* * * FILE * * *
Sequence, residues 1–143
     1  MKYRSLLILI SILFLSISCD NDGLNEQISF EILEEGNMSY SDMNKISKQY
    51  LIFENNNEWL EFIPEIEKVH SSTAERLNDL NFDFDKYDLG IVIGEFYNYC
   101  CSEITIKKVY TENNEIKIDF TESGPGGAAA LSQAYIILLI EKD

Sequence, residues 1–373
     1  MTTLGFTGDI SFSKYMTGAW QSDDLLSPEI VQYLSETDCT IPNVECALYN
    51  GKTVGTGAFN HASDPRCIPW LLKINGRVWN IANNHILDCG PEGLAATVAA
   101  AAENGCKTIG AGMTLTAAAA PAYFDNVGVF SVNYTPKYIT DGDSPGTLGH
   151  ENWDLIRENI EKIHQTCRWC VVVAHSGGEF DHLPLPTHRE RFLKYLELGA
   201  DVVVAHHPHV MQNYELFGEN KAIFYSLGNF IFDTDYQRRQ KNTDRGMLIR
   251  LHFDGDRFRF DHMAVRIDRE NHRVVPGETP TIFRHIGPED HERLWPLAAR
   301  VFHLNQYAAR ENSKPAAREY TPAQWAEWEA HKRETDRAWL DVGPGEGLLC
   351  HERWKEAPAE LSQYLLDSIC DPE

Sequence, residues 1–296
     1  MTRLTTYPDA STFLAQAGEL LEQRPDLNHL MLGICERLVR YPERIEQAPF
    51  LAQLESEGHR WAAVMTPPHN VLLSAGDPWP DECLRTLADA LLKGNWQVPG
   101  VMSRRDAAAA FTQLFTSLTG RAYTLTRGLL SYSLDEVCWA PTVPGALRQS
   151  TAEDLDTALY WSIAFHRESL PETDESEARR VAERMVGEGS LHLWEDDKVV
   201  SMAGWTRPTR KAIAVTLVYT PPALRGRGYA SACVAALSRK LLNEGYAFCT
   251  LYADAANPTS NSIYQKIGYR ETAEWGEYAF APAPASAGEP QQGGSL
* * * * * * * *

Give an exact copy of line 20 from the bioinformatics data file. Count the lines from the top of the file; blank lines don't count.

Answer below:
   251  LYADAANPTS NSIYQKIGYR ETAEWGEYAF APAPASAGEP QQGGSL